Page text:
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Thread-like pumps can be woven into clothes

Thread-like pumps can be woven into clothes
Infrared image of the pumps integrated into a t-shirt. Credit: © LMTS EPFL

Many fluid-based wearable assistive technologies today require a large and noisy pump that is impractical—if not impossible—to integrate into clothing. This leads to a contradiction: wearable devices are routinely tethered to un-wearable pumps. Now, researchers at the Soft Transducers Laboratory (LMTS) in the School of Engineering have developed an elegantly simple solution to this dilemma.

"We present the world's first pump in the form of a fiber; in essence, tubing that generates its own pressure and flow rate," says LMTS head Herbert Shea. "Now, we can sew our fiber pumps directly into textiles and clothing, leaving conventional pumps behind."

The research has been published in the journal Science.

Lightweight, powerful and washable

Shea's lab has a history of forward-thinking fluidics. In 2019, they produced the world's first stretchable pump.

"This work builds on our previous generation of soft pump," says Michael Smith, an LMTS post-doctoral researcher and lead author of the study. "The fiber format allows us to make lighter, more powerful pumps that are inherently more compatible with wearable technology."

Thermal imaging of the thermal haptic glove as individual fiber pumps are activated one by one. The video is in real time. Credit: EPFL LMTS

The LMTS fiber pumps use a principle called charge injection electrohydrodynamics (EHD) to generate a without any moving parts. Two helical electrodes embedded in the pump wall ionize and accelerate molecules of a special non-conductive liquid. The ion movement and electrode shape generate a net forward fluid flow, resulting in silent, vibration-free operation, and requiring just a palm-sized power supply and battery.

To achieve the pump's unique structure, the researchers developed a novel fabrication technique that involves twisting copper wires and polyurethane threads together around a steel rod, and then fusing them with heat. After the rod is removed, the 2 mm fibers can be integrated into textiles using standard weaving and sewing techniques.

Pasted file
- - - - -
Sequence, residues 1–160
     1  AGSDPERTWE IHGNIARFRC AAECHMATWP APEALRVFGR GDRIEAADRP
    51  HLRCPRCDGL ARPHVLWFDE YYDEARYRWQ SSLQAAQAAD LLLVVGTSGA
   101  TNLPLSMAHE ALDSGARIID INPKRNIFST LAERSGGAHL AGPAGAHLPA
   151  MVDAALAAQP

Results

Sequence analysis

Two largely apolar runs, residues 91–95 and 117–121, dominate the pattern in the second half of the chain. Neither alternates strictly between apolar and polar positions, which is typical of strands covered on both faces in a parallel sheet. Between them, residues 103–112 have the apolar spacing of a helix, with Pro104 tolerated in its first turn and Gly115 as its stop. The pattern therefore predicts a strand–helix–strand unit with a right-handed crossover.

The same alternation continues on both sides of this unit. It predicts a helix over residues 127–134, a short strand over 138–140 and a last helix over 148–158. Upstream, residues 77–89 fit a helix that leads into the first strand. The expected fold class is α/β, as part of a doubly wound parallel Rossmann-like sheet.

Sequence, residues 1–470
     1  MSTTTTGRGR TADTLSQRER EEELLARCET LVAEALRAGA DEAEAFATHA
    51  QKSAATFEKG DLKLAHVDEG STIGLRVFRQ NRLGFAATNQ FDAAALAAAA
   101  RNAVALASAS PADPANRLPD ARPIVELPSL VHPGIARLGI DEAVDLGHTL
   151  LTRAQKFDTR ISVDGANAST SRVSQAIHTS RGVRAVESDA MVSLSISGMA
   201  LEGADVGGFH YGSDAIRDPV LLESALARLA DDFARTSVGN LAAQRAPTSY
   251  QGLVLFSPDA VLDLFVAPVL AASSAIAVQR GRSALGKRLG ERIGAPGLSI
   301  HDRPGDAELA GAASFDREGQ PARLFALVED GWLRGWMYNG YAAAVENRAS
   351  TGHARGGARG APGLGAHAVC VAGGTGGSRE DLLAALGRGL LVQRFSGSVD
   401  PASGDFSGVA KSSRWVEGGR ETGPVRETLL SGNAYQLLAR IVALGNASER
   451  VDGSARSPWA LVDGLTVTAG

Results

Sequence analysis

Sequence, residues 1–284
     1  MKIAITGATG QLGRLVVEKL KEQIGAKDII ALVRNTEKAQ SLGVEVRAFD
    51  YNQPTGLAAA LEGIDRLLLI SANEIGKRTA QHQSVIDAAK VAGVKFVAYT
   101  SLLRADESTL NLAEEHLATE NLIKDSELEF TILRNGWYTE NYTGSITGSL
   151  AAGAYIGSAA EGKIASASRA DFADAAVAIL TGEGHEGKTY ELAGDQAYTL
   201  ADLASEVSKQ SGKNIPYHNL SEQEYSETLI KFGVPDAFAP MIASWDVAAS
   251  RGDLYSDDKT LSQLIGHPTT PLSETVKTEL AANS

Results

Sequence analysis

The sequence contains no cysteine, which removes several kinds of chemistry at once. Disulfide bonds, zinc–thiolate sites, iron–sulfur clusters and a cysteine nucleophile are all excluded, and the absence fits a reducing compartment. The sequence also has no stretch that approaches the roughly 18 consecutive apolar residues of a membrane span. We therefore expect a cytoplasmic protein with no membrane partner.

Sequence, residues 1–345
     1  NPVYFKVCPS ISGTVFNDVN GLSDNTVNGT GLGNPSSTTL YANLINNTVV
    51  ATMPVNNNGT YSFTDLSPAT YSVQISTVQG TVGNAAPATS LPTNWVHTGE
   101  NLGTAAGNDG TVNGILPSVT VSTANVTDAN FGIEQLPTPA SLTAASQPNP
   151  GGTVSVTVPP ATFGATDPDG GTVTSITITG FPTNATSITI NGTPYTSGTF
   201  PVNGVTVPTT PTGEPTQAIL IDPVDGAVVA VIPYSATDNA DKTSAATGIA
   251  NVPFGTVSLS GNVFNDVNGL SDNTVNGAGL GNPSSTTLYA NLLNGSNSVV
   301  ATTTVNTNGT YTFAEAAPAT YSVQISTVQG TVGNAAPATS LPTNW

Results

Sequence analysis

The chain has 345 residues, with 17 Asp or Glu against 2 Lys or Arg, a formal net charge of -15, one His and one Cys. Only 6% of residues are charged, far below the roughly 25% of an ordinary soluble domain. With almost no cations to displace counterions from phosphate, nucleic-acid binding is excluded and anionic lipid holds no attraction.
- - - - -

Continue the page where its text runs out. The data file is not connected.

The pump's simple design has a number of advantages. The materials required are cheap and readily available, and the manufacturing process can be easily scaled up. Because the amount of pressure generated by the pump is directly linked to its length, the tubes can be cut to match the application, optimizing performance while minimizing weight. The robust design can also be washed with conventional detergents.

  • Thread-like pumps can be woven into clothes
    The fiber pumps knit into fabric. Credit: LMTS EPFL
  • Thread-like pumps can be woven into clothes
    The LMTS fiber pump. Credit: © LMTS EPFL

From exoskeletons to virtual reality

The authors have already demonstrated how these fiber pumps can be used in new and exciting wearable technologies. For example, they can circulate hot and cold fluid through garments for those working in extreme temperature environments or in a therapeutic setting to help manage inflammation; and even for those looking to optimize athletic performance.

"These applications require long lengths of tubing anyway, and in our case, the tubing is the pump. This means we can make very simple and lightweight fluidic circuits that are convenient and comfortable to wear," Smith says.

The study also describes artificial muscles made from fabric and embedded fiber pumps, which could be used to power soft exoskeletons to help patients move and walk.

The could even bring a new dimension to the world of virtual reality by simulating the sensation of temperature. In this case, users wear a glove with pumps filled with hot or cold liquid, allowing them to feel temperature changes in response to contact with a virtual object.

  • Thread-like pumps can be woven into clothes
    The pumps integrated into a glove. Credit: © LMTS EPFL
  • Thread-like pumps can be woven into clothes
    A thermal haptic glove, created with fiber pumps. Individual fiber pumps are sewn to each finger of the glove, each connected to a reservoir of chilled fluid on the back of the hand. Each fiber pump can be activated separately, causing chilled fluid to flow around any chosen finger. In a virtual reality setting, this allows the temperature of virtual objects to be simulated, enhancing the sense of immersion. Back of hand, black background. Credit: EPFL LMTS

Pumped up for the future

The researchers are already looking to improve the performance of their device. "The pumps already perform well, and we're confident that with more work, we can continue to make improvements in areas like efficiency and lifetime," says Smith. Work has already started on scaling up the production of the fiber pumps, and the LMTS also has plans to embed them into more complex wearable devices.

"We believe that this innovation is a game-changer for technology," Shea says.

More information: Michael Smith et al, Fiber pumps for wearable fluidic systems, Science (2023). DOI: 10.1126/science.ade8654.

Journal information: Science
Citation: Thread-like pumps can be woven into clothes (2023, March 30) retrieved 21 May 2024 from
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